How to choose which way to accept credit card payments
Only you can decide which form of credit card processing will be the most beneficial to your business, but we’ll provide some instances when each of these methods can be useful.
Traditional merchant accounts are the most beneficial for brick and mortar businesses or businesses where you are physically selling something in-person. If you have offerings online, ask your merchant services provider if they offer an online store/shopping cart or ecommerce solution in addition to your merchant account.
Payment service providers are generally great for self-employed individuals and businesses that offer in-person and online solutions. Whether you are selling a product or a service, you can use this solution to allow your customers to pay online. The added benefit of including flexible and often lower-cost POS systems with your payment processor can be especially handy for retailers whether you have an online store or not.
Ecommerce solutions are great when you are selling a product online, particularly if you start small and sell only online. This allows you a way to start marketing your products without having to invest in a storefront.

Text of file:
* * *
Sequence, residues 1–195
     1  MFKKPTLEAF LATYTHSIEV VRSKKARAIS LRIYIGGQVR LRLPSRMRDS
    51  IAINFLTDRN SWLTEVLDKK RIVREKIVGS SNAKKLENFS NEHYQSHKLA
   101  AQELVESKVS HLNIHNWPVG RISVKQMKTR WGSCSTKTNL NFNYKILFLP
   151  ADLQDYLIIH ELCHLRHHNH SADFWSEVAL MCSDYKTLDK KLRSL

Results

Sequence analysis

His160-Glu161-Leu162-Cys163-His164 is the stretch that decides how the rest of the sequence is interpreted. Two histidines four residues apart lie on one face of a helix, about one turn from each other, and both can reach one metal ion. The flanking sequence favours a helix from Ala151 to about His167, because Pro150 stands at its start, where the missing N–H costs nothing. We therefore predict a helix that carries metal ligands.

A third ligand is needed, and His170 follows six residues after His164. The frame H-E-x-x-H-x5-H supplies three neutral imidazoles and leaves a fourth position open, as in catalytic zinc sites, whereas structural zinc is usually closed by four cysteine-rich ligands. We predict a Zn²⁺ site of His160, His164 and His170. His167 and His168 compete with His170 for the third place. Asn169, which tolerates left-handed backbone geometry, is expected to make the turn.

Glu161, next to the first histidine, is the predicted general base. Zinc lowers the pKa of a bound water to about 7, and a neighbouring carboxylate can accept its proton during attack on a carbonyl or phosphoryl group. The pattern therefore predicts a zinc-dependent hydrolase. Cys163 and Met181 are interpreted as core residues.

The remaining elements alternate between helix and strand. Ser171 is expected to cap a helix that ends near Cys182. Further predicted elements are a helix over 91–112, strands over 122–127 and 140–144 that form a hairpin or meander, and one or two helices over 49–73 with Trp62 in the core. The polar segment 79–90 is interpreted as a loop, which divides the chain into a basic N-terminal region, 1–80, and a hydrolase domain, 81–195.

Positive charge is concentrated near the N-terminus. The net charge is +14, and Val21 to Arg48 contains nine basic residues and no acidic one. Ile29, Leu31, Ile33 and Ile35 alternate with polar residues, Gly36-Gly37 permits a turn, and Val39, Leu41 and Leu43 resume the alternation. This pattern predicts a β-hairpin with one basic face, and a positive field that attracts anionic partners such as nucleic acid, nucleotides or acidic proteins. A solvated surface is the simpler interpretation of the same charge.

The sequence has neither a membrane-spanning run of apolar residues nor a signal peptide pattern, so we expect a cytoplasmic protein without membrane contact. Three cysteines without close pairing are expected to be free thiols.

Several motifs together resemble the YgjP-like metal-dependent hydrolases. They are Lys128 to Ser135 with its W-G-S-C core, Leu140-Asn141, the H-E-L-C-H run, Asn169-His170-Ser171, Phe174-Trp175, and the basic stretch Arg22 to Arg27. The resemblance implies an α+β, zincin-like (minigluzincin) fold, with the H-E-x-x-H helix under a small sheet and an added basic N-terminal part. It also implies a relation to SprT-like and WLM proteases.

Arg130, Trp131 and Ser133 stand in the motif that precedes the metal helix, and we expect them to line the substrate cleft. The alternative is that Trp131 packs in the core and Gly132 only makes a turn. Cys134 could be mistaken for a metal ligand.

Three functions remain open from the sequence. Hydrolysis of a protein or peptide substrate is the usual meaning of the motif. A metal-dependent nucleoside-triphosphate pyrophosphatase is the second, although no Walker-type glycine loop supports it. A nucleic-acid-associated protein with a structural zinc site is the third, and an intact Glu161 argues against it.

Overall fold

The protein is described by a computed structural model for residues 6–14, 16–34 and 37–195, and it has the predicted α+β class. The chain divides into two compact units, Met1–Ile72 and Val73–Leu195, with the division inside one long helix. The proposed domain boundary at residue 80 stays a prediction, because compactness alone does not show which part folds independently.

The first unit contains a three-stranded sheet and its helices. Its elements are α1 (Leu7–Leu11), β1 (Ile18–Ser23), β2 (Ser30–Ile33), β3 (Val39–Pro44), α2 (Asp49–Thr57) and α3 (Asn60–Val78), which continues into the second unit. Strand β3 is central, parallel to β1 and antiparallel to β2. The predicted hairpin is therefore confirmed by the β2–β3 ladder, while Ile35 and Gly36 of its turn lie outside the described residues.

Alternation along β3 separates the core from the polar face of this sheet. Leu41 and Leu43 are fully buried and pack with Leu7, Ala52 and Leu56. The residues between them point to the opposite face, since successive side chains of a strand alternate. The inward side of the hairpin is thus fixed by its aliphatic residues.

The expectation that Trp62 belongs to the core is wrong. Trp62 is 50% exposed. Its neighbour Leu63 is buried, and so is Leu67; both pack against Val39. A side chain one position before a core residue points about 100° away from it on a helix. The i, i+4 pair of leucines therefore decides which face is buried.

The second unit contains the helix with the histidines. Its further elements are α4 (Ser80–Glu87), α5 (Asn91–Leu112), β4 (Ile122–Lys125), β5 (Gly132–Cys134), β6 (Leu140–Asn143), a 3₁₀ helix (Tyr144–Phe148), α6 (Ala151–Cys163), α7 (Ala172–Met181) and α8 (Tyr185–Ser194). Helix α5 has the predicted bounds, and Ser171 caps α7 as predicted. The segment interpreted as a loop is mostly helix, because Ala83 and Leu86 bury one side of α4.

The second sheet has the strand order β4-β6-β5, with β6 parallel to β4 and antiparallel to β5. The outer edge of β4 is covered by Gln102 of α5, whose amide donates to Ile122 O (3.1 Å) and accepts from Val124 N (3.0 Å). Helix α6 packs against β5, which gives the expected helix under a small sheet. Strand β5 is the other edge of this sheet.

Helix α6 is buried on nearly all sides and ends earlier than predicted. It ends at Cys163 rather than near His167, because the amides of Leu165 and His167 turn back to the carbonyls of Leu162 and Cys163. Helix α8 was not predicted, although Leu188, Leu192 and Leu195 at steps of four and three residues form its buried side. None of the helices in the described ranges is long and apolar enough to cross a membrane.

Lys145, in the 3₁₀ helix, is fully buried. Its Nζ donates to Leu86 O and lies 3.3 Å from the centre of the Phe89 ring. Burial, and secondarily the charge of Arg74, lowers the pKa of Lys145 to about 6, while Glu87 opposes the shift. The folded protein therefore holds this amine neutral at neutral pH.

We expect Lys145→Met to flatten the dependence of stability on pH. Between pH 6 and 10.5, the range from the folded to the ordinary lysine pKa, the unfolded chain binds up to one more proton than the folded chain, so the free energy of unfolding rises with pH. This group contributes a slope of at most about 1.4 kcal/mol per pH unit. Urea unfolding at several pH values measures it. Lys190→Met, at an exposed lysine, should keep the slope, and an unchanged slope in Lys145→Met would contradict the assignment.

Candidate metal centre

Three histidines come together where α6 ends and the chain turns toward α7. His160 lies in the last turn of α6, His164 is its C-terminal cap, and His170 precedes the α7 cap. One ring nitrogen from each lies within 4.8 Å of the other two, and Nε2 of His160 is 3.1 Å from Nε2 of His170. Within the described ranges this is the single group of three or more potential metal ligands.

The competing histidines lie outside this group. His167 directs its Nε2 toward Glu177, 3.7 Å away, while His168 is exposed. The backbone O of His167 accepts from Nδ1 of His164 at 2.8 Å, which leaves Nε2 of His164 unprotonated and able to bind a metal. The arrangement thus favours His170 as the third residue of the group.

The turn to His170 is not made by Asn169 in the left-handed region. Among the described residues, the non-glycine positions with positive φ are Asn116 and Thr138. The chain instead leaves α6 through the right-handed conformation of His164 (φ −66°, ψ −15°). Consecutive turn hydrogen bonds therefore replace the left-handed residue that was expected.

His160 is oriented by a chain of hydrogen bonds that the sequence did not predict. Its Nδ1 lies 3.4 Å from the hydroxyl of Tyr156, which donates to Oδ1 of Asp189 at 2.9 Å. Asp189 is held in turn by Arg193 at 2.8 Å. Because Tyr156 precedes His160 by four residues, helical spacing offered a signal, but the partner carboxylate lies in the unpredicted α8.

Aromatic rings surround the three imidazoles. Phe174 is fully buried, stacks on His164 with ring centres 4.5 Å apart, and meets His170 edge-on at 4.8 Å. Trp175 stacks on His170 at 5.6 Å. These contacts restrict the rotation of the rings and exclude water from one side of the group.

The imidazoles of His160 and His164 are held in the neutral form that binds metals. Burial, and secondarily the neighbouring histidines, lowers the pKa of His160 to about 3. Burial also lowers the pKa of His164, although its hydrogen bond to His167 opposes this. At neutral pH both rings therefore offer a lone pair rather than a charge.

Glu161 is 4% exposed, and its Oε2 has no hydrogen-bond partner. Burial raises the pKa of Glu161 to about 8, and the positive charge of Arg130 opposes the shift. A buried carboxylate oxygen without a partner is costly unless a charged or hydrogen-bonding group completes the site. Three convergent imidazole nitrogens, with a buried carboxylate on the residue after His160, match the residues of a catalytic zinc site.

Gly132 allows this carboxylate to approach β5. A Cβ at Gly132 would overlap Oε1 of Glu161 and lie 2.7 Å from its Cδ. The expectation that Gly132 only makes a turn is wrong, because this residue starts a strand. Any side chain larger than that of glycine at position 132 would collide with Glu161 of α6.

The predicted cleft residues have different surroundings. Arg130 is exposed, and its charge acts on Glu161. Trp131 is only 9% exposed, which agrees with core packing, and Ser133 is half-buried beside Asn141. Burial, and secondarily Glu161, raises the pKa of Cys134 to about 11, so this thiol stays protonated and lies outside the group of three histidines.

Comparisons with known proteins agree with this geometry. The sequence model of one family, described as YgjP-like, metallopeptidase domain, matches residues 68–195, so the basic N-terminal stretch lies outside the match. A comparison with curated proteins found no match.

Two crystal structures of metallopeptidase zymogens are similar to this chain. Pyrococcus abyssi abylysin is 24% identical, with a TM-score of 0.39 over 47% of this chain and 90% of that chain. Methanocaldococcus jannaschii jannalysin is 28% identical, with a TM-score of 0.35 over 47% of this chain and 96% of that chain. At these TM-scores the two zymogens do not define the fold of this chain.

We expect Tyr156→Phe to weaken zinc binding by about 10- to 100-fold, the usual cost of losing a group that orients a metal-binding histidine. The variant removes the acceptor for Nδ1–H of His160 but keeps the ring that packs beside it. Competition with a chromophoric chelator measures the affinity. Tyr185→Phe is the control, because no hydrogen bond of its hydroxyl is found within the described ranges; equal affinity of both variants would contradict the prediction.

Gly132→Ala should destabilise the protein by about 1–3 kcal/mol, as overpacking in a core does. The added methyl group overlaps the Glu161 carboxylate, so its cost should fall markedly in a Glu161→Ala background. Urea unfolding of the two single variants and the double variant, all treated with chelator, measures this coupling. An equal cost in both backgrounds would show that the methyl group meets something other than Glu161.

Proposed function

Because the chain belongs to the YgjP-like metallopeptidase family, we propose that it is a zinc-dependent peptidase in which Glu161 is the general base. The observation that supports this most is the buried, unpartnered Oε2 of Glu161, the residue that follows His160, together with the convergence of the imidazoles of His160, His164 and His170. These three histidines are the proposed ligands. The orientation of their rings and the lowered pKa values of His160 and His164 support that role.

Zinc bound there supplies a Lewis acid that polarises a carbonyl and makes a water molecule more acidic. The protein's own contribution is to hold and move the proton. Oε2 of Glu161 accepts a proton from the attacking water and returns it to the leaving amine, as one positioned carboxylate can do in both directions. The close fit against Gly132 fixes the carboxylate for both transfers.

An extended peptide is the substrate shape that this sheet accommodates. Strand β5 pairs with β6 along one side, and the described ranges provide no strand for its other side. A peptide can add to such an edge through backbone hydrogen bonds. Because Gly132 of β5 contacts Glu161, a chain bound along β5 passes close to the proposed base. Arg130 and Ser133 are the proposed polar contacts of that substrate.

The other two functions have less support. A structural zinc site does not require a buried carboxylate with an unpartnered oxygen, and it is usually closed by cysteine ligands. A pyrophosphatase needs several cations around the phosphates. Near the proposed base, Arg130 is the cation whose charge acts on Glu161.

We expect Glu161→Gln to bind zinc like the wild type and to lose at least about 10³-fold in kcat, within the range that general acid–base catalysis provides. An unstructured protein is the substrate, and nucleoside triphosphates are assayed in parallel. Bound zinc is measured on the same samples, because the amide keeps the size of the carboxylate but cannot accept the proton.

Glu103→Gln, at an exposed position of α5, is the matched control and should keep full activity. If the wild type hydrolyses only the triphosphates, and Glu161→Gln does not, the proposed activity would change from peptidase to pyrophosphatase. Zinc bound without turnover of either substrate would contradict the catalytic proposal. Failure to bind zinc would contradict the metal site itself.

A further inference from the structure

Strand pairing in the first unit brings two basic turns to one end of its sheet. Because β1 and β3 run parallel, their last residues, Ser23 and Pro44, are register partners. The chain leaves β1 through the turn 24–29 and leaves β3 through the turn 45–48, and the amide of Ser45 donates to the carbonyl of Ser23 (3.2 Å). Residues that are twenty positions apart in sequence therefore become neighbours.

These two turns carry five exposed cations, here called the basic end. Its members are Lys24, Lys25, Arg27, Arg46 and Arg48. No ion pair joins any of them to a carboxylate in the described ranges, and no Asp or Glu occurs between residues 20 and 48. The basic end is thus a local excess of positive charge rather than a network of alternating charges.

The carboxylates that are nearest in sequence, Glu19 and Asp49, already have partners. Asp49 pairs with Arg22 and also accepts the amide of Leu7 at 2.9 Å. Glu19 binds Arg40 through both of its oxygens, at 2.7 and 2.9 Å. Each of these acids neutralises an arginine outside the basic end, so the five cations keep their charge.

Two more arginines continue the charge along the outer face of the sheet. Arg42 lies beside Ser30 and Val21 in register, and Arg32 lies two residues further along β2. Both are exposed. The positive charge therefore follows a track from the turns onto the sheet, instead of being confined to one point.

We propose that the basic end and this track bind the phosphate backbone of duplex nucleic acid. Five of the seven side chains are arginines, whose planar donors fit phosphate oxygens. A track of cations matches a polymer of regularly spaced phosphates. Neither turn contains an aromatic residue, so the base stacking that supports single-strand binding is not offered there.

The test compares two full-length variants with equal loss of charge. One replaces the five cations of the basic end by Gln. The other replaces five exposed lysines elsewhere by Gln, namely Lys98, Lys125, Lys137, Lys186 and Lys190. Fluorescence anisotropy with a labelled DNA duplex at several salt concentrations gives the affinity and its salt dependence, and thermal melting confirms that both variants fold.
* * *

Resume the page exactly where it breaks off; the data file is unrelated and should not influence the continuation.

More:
Let Womply help you find the perfect processor for your small business
The payments industry can be very confusing and overwhelming for small business owners. However, Womply has direct relationships with a number of the nation’s top processors, and we can help you navigate the complexities and get you set up with a processor that not only provides competitive rates on reliable credit card processing, but can give you additional tools that can help your transaction data into actionable insights to help you attract and retain more customers!
Click here for more information or to request a free demo.